How much do you want to win?
Are you willing to put everything on the table and examine every opportunity for your brand to succeed in market warfare? We all pretend to strive for victory but most companies fall far short of what it takes to actually prevail.
Most brands fail to really challenge the market leader because they continue to salute sacred cows or wasteful process. They become enamored with their past successes and cling to the old business model long after it has been rendered obsolete.
There are only two flags that should be saluted — the flags of brand integrity and of customer’s needs. Everything else is an obstacle and is in your way.
There is a fatal flaw in market leadership — fear of risk — and that same fear is the weighted anchor that holds back the competitors that nips at the leader’s dangling heels. You need to be using these market changes to your advantage. This catch-22 should both be avoided and/or exploited. The market leader may have found their success for a myriad of reasons.
They may have been in the right place at the right time or possibly the result of visionary leadership. It is even possible that they were just plain lucky. No matter what the reason for their success, few of them recognize clearly and dispassionately the value that keeps them at the top. It is this blurred vision of reality that the astute competitor can exploit.
Attachment to their prior success is their Achilles heel and you need to exploit this inherent weakness. The vast majority of market leaders are wedded to the status quo, they avoid risk and change — they are, for the most part, aided in this static paradigm by the many competitors who mimic their every move. If, as a challenger brand, your goal is to reduce your risk by copying the market leader you will fully eliminate all risk by so doing. Risk, by definition means an uncertain outcome and copying the market leader is by no means uncertain. You will absolutely fail — there is no question about it.
Help The Market Leader
What does the market leader want to happen? What does market leadership usually entail? Simply put, the market leader wants to maintain their advantage with minimal change (read: minimal added expense). This means they prefer the status quo. They wish the playing field to remain static. They are fully invested in the accepted rules and more often than not have an investment in expensive infrastructure. Seeing this phenomenon in REAL time is difficult to do, sometimes it helps to look at the past to see it clearly.
Two Examples of Lessons in Marketing
Remember Tower Records? They were “THE” store for music in their heyday. They had the reputation as the world’s finest selection of music and the arrival of their retail stores sent shudders of fear into the Sam Goody(s) of the world. It was hard if not impossible to compete with Tower Records because of vast inventories and a terrific retail model. However, something changed, and Tower Records could not respond because of immense infrastructure and the self-same retail model that was once lauded.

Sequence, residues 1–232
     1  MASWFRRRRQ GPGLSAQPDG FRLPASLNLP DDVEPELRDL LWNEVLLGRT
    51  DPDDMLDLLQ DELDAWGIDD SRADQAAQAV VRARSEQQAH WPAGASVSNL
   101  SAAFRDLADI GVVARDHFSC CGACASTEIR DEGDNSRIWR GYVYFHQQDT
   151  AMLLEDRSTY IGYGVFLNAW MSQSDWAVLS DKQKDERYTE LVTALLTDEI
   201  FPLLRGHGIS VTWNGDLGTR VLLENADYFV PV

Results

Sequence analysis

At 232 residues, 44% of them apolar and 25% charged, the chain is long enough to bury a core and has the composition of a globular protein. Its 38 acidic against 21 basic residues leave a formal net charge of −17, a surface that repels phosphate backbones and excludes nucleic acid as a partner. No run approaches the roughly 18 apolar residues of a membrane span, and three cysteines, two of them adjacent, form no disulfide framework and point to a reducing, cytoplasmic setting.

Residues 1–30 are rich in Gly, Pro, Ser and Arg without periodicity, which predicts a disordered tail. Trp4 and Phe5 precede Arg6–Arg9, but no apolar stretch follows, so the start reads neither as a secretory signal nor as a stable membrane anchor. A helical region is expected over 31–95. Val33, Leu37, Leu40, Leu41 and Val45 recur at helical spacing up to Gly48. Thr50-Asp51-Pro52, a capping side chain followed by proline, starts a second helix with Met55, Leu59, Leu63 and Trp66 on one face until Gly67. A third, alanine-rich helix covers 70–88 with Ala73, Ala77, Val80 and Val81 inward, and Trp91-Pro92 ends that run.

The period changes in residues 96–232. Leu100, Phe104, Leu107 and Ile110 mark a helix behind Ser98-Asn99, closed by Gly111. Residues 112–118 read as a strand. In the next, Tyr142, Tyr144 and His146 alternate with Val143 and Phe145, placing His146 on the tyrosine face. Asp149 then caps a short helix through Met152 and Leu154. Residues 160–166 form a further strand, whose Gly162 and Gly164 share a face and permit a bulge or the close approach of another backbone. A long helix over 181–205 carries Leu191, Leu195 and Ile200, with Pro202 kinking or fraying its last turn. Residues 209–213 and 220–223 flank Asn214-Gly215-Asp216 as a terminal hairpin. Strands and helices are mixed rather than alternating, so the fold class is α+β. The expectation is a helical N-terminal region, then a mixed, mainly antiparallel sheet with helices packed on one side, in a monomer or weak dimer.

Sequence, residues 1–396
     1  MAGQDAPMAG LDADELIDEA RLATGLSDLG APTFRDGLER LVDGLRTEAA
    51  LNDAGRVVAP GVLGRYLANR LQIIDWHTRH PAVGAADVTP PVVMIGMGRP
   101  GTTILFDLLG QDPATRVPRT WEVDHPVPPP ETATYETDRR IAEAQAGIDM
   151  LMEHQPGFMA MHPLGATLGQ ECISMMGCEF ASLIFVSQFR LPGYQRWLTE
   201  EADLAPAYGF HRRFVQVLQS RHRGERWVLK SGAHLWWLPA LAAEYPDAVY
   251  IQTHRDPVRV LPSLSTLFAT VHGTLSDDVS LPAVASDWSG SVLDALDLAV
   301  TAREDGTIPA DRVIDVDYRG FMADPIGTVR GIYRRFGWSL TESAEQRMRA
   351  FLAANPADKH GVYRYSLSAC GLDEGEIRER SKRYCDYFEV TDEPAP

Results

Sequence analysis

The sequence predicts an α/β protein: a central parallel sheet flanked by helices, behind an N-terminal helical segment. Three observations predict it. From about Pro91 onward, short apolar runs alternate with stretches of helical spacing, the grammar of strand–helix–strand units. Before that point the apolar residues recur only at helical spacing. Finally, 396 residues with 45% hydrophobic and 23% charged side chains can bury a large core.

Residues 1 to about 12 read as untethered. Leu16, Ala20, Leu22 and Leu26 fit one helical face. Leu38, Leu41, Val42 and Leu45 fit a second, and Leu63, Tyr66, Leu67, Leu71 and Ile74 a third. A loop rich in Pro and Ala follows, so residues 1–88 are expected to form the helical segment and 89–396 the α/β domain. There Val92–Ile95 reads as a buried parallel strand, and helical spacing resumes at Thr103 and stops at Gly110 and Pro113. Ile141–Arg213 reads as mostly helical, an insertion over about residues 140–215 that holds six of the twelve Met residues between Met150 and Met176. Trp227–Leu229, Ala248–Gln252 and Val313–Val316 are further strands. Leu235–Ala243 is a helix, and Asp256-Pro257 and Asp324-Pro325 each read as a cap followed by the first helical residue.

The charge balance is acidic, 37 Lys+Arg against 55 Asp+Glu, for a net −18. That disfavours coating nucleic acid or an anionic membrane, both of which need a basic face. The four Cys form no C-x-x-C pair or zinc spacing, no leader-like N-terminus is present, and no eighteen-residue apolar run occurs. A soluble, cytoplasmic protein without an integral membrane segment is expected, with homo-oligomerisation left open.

The first change was the move from records to CDs. The retail mega-stores failed to keep up and not one of them changed their brand name to reflect that sea change. Tower Records never became Tower CD or even better — Tower Entertainment.
They wanted the market to remain the same because they were invested in it. Instead of seeing their brand equity as coveted entry into the new space, they fought it, holding onto a failed and failing model. The customer no longer wanted the “shopping experience” they wanted immediacy and the ability to buy from their own computer browser.
Every time you download a song from Apple’s iTunes or purchase a CD from Amazon.com, remember that Tower Records was once that — a towering brand in music proliferation and experience. It was the source for those that loved and purchased music. They had a brand but they squandered it by focusing on the process rather than the purpose or precept that drove their customer to covet what they delivered.
Remember Maxwell House and its “good to the last drop” promise? The market leader for years and arch-rival to P&G’s Folgers brand. An overlooked consumer insight propelled Folgers into first place after years of being a marginal player — the realization that scent was a more powerful motivator than taste.
“Quick, give Mrs. Olsen the boot” and usher in the deep resonant “sniff” and the theme that “the best part of waking up was Folgers in your cup.” So much for “good to the last drop” but Folgers only got the message half right. They overlooked precept (what I believe I crave) and concentrated on purpose (I need the smell of coffee).
What is Winning Worth?
P&G, in typical form believed that price drove the category and worried that the rising price of coffee would doom their business. The rest of the market agreed with the market leader. Enter “flaked coffee” allowing users to use less coffee and enter the less than “integrity” filled 12oz “one pound cans.” They worried that the market would NEVER pay upwards of $3 a pound for great coffee.
I wonder what they think now that coffee drinkers line up at Starbucks for the privilege of buying coffee at $13 a pound and spending $4 on a cup? Are we actually buying better taste or an experience? It seems that taste is worth $3 a pound but the inconvenience of making a special trip to the coffee store is worth $10 more. It took them a long time to realize that how coffee was delivered would drive the coffee business. Have you ever asked how much coffee costs per pound in K-Cups for your Keurig Coffee Maker?